In my late pre-teen years I was fortunate to have, for about six weeks, as a substitute Sunday school teacher, a professor of religion and philosophy from the University of Texas. I feel sure now that, if the church elders had known what this man did, they would have crucified him summarily. In order to move us away from trying to understand the Bible microscopically by quoting scripture out of context, he would ask us to name any subject, theological, moral or spiritual, and he would defend both sides of the issue using Bible passages. Fornication, incest, alcohol, dancing -- he could defend or deny the sinfulness of any and all of these by quoting limited passages and therefore encouraged us to approach the Bible as a whole. He also demonstrated the difficulty with translation and interpretation in attempting to make up specific dogmas and rules of moral behavior. He taught that Christianity was much more a religion of the heart than one of behavior. For this and to him I will be eternally grateful and, as a result of his teachings (as well as increasing awareness as I grew) I left the organized church at the age of 12 never to return.
There is no question that we can rationalize and justify just about any position by using our own interpretation of certain passages from A Course in Miracles. This has been done by so-called "Christians" for about 19 centuries and it should not be hard to see where that has gone. Our fundamental problem in studying the Course is that we do not know how to read it. A Course in Miracles written from an absolute, not relative perspective. All of our so-called "thinking" is relative, comparative and conditioned by the past. It therefore interferes with the actual understanding of the Course. I would like to take but one passage from the Course on the subject of abundance to demonstrate what I mean.
"Only those who have a real and lasting sense of abundance can be truly charitable." [T52/58]
For the meaning of the terms in this passage I will first and foremost reference only the Course to itself as much as possible and, after that, as a secondary source, reason. Every attempt will be made to avoid conventional definitions or socially understood meanings.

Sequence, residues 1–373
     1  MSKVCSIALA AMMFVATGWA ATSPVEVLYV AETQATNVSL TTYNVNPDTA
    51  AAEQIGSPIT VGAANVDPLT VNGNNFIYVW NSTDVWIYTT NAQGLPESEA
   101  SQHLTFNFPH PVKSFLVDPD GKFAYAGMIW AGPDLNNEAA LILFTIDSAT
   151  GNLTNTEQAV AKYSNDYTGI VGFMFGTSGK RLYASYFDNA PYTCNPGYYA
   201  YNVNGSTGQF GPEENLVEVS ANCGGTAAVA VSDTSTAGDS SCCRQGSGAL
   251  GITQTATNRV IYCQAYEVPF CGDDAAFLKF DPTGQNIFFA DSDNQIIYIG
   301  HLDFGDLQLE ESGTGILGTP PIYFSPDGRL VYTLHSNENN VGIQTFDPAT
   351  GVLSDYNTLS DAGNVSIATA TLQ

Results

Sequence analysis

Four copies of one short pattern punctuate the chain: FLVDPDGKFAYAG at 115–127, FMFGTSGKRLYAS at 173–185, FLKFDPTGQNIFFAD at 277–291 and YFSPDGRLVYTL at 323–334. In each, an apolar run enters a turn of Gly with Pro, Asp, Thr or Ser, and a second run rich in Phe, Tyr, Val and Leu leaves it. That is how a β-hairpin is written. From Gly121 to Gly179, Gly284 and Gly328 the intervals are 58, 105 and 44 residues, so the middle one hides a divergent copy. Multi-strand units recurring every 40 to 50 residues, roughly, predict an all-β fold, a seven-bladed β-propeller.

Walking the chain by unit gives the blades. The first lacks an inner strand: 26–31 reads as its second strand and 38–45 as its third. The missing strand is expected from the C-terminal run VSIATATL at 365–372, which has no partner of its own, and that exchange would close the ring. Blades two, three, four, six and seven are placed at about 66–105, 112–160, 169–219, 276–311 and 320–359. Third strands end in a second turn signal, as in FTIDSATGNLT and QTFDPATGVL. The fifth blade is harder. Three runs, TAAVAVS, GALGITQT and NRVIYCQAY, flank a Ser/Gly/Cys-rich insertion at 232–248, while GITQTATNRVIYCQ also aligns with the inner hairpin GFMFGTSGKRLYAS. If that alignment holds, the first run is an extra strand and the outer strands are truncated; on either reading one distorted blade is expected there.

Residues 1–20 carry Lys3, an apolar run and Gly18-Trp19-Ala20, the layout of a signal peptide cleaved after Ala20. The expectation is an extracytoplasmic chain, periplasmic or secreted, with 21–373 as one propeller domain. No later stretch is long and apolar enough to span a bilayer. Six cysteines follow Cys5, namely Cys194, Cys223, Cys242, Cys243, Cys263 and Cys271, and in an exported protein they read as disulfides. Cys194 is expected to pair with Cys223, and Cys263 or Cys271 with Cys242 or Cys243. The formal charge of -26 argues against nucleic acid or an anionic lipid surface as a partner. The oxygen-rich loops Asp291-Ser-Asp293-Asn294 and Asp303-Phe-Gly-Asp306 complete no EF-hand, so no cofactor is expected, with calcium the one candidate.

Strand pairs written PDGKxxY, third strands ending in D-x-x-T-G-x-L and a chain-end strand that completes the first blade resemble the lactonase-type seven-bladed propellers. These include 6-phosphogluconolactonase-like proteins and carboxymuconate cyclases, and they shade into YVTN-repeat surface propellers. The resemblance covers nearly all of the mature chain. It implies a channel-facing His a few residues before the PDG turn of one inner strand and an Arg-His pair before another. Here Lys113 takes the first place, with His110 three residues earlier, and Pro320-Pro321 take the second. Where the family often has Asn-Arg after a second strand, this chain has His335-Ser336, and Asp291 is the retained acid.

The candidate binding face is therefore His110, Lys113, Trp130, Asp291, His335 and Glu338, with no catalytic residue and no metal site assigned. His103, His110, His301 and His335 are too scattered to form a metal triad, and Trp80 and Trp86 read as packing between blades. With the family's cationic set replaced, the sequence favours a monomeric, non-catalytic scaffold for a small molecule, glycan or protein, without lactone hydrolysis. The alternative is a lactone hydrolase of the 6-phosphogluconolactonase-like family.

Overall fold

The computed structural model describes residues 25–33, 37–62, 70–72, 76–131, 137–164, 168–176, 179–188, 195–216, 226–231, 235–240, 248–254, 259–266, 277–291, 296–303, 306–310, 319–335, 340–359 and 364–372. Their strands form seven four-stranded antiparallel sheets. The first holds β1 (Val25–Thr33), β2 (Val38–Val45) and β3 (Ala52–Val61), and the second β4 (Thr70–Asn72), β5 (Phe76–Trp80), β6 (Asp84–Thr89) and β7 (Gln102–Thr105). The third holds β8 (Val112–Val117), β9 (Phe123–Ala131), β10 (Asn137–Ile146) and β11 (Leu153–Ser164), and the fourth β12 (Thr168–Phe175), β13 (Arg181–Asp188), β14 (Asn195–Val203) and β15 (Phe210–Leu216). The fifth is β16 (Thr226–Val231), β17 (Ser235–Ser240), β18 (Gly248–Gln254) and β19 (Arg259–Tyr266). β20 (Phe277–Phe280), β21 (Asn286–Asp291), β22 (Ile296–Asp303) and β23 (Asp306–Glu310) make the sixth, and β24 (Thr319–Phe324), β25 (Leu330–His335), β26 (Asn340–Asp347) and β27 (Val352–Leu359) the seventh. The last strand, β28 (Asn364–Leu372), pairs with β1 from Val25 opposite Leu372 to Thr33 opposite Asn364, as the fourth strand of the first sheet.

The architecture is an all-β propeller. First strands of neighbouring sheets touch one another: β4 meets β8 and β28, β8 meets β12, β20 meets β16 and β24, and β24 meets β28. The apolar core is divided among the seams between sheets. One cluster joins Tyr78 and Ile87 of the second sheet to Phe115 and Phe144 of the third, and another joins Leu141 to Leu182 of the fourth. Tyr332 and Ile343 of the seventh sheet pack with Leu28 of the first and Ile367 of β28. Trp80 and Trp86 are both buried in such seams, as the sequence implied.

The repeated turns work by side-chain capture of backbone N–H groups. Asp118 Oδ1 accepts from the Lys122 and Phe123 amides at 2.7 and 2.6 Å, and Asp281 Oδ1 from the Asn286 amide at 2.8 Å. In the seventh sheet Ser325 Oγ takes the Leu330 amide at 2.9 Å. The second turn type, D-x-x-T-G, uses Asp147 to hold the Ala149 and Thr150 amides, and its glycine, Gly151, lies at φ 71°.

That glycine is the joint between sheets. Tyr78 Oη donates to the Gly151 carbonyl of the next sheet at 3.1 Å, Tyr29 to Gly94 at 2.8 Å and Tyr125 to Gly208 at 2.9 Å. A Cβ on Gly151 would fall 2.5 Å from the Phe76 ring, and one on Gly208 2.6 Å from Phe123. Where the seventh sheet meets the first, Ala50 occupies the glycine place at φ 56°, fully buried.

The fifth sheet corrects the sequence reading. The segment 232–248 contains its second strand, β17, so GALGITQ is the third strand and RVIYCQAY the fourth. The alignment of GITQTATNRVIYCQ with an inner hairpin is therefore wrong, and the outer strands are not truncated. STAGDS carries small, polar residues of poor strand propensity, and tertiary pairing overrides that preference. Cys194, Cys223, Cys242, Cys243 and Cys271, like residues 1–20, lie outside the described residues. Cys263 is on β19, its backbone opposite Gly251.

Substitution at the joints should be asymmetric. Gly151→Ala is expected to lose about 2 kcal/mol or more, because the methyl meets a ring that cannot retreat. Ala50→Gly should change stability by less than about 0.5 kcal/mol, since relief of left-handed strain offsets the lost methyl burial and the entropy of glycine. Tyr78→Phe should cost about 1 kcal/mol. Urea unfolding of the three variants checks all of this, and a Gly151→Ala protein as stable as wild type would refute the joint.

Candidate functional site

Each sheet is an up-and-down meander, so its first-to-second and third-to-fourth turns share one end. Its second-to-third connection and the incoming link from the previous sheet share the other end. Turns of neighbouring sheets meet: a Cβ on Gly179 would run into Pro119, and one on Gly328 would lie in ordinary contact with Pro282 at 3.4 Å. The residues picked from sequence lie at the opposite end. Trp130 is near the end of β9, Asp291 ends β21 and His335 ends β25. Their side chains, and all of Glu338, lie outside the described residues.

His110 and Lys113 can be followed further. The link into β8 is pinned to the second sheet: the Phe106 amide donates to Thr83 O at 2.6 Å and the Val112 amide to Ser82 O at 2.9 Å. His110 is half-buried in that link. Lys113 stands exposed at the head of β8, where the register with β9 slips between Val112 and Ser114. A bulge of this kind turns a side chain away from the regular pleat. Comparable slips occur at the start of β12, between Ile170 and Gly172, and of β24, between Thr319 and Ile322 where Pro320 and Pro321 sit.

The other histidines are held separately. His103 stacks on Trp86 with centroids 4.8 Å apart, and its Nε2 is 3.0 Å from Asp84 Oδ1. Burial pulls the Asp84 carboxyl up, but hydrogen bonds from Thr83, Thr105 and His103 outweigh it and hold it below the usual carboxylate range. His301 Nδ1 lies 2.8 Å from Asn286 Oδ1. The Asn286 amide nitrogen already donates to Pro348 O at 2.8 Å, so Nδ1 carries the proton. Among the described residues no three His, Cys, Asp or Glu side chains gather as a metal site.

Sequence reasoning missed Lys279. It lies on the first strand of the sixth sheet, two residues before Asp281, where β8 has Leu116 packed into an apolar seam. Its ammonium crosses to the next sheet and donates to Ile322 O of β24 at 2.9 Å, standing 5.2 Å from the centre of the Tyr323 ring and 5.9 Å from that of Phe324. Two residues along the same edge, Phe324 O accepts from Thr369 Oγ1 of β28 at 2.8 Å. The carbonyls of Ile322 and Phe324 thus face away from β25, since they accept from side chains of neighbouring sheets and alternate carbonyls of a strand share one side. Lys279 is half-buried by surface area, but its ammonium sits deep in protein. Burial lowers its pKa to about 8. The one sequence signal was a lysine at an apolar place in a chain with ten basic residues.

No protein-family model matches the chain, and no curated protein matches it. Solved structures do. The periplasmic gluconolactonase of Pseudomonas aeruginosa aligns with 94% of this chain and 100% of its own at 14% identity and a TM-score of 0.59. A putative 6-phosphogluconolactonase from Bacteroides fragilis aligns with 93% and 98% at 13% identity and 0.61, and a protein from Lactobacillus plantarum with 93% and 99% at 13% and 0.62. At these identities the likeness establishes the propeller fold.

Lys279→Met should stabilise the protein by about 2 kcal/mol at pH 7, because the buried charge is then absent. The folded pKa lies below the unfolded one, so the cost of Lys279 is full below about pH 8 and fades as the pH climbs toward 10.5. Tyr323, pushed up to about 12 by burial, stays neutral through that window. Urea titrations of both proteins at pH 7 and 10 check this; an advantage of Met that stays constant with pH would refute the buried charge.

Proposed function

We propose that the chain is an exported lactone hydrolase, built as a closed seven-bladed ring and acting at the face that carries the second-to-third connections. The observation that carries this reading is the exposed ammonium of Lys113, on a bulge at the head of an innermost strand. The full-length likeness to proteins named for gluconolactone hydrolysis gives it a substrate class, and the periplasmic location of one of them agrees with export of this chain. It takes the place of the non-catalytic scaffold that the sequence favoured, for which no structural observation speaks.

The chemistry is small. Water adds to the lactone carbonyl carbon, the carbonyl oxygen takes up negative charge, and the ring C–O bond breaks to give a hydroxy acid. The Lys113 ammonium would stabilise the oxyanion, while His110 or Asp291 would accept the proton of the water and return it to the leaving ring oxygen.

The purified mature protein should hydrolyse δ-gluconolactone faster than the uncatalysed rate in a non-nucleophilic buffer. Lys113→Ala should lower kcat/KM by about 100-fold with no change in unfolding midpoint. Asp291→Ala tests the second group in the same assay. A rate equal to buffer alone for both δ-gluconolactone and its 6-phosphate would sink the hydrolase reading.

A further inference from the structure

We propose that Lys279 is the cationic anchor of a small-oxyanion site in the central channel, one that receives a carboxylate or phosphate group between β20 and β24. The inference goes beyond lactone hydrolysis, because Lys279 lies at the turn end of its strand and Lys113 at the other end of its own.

Let us begin with "only" -- this clearly implies exclusivity. Therefore, the meaning is clear: there is no one who does not meet the criteria set forth who can be charitable. Those who do not have a real and lasting sense of abundance cannot be charitable. Beyond exclusivity however this word "only" is based in "one." Using that, this phrase could be heard as "[The realization of] One[ness] who [by nature] has a real and lasting sense of abundance can be truly charitable."
Moving on to "have" -- here we find our first "curve ball", so to speak. A Course in Miracles says to "Remember that spirit knows no difference between having and being." [T67/73] It repeats this theme in 8 different passages in 4 different chapters. So, in a sense, the Course says that only those who realize that they ARE a real and lasting sense of abundance can be charitable. This makes no sense within the historical context of our learning, but as we proceed its meaning may become clear.
Next is "real and lasting" -- in Course terms these are not only synonymous but identical and the two are, no doubt, used together for reinforcement and emphasis, a beautiful poetic technique. The meaning of "real" is inescapable. For this we reference the Introduction:
"Nothing real can be threatened.
Nothing unreal exists."
Anything which can be threatened does not exist. If the sense of abundance can be threatened, it is not real and does not exist. What is threat? For this let us refer to the second part of this phrase, "lasting". Since A Course in Miracles is absolute, it obviously means eternally lasting, changeless. Repeatedly the Course attempts to teach that only the changeless is real. Time and time again it points to the shifting, changing inconstancy of the world as the fundamental source of fear. It seems quite clear that "real and lasting" means changeless and invulnerable to time, attack or loss. This phrase is the key to understanding this passage. It clearly says that any sense of abundance which can change or be threatened in any way is not only false, it does not exist.
"Sense" is rather tricky in that the Course says that "To sense is not to know." [Lesson 4] clearly implying that this entire statement is applicable only to the field of perception and is a way of attempting to define right or true perception. Here it cannot mean "sense" in its most literal meaning in that real and lasting abundance belongs to the province of Spirit and therefore cannot be seen, heard, smelled, tasted or touched. Therefore it is reasonable to assume that the Course means some sort of inner feeling, awareness or attitude.